It is the people smuggling and deaths at sea that needs to be stopped.

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    2. Michael Wilbur-Ham (MWH)

      Writer (ex telecommunications engineer)

      In reply to Grant Mahy

      As normal with Fairfax, this article, basically agreeing with The Greens, doesn't mention The Greens.

      The editorial in today's Age is similar - lamenting that we have fallen so low but, as usual in all the editorials which support the Greens (and there are many) failing to mention The Greens.

      The Murdoch press distorts the world to keep Liberal voters voting Liberal, but I think that The Age is the most biased paper in Australia because it distorts the world to one where the Greens almost don't exist, and thus the Age keeps people who value and policy wise would support The Greens feeling depressed about the world and voting Labor whilst thinking "if only Labor would do better".

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    3. James Hill

      Industrial Designer

      In reply to Greg North

      Where did I say that asylum seeking is illegal?
      I think country shopping is the term applied to a natural preference for a country like Australia.
      Whereas once in Indonesia, for example, are asylum seekers in the same danger they tried to flee in their original countries?
      If they stayed there, in a Muslim country, (for Muslim asylum seekers), would people smuggling and deaths at sea be stopped?
      We can understand a preference for Australia, as happened with British post-war migrants coming to…

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  12. Comment removed by moderator.

    1. James Jenkin

      EFL Teacher Trainer

      In reply to John Milan

      John, I'm not sure what your comment means, or who it's directed at, but it's certainly very forcefully put.

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    2. Dalit Prawasi

      Auditor, Accountant, Trade Teacher

      In reply to John Phillip

      Thanks John
      Greens the lefties after a green acrylic paint shower will be short for election funds as the sponsors of these cheats will not pay any fees for Greens talks and support for them. The future Green vote bank will be smaller as there will be no non-violent invaders landing on Australian soil.

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    3. Greg North

      Retired Engineer

      In reply to James Jenkin

      I think he may be making a reference to Kevin and those who support his plan James.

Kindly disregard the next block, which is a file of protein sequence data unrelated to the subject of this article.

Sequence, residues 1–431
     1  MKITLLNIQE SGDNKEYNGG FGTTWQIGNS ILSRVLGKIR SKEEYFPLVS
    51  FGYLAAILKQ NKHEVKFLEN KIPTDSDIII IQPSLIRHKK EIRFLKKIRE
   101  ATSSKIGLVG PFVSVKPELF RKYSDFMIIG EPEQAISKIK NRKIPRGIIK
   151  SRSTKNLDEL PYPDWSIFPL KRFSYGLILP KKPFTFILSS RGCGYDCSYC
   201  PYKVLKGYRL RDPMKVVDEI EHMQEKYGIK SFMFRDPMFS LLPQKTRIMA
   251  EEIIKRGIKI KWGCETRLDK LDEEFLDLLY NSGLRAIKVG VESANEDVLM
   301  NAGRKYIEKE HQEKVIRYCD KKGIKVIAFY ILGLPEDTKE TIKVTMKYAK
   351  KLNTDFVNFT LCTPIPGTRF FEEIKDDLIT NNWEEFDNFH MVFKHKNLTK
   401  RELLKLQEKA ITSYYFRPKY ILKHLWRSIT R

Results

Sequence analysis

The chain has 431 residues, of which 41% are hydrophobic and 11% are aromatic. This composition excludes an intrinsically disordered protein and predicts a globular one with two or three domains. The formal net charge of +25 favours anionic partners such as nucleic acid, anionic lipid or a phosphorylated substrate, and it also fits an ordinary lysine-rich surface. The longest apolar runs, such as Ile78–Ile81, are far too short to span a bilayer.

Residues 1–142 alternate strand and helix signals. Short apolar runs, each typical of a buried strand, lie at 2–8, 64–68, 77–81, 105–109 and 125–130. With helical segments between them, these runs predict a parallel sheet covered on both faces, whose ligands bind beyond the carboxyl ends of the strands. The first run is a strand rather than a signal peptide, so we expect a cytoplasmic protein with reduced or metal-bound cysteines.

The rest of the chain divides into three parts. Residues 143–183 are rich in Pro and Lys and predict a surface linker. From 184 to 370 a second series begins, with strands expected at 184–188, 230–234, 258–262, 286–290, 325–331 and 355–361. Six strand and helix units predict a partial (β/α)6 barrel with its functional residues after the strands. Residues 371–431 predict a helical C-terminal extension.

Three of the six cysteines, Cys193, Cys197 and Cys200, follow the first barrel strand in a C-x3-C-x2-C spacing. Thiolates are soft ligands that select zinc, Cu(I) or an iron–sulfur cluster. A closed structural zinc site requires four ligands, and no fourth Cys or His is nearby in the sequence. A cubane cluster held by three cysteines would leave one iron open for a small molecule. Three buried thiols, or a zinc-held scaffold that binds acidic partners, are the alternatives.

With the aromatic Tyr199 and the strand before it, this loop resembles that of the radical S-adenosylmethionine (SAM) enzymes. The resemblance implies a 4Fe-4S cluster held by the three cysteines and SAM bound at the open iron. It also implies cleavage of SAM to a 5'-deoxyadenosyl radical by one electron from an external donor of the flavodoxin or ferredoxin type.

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  13. Terry Reynolds

    Financial and political strategist

    This strategy will stop the boats!

    These people are not flying down from the Northern hemisphere to Indonesia - then to get on a leaky old boat to come to Australia from fear or persecution in Indonesia.

    Unlike Joe Hockey and Tony Abbott, they know Australia has the best economy and living conditions in the world. They want to jump the immigration queue.

    If they are genuine refugees they will keep coming in the ever increasing numbers to settle in Papua New Guinea were they are being welcomed to assist develop its economy.

    Personally speaking I believe they would be safer in Iran or what ever countries they spend hours in a plane flying over to get down here.to this part of the planet.

    I suppose this will put the acid test on them as to the good faith and honesty of their Refugee claims.

    Well Tony you got your political way - PNG's offer will stop the boats!.

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    1. Grant Mahy

      Unemployed

      In reply to Terry Reynolds

      This strategy will stop the boats! Nope it will just divert them. Let's not kid ourselves.

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  14. Natasha turnbull

    Student

    Kevin Rudd may (may not) have found a political fix on a mess he caused in 2008. But no way I will vote him in this election.

    I won't forgive him for letting in more than 45,000 illegal arrivals, wasting $10 billions and more than 1,000 death. Plus many more failures under him.

    He is good on seeming and talking, but disastrous in action. People shouldn't be fooled for the second time.

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    1. Dalit Prawasi

      Auditor, Accountant, Trade Teacher

      In reply to Natasha turnbull

      From what I have heard over the grape wine since Rudd signed is that most of the refugee sponsors are lost and worried. They may use the flights but the problem is the tight and more comprehensive procedures applied by airports where flights to Australia originates.

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    2. Grant Mahy

      Unemployed

      In reply to Natasha turnbull

      Agree totally Natasha - let's just say the guy has zero integrity and this is coming from a Labor now Greens voter.

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  15. Robert Hogg

    Lecturer in Australian Studies at University of Queensland

    Michelle, what is almost as disappointing as Australia's abrogation of its moral and legal obligations towards asylum seekers is your acceptance of the government's rhetoric on so called economic immigrants. When you refer to 'these people' you're uncritically accepting the government line. What is the evidence that people are leaving their home countries for 'economic reasons', and what is wrong with trying to build a better material life in a country that offers more opportunity than your own? Hasn't the promise of opportunity been the basis of the United States immigration program for 200 years?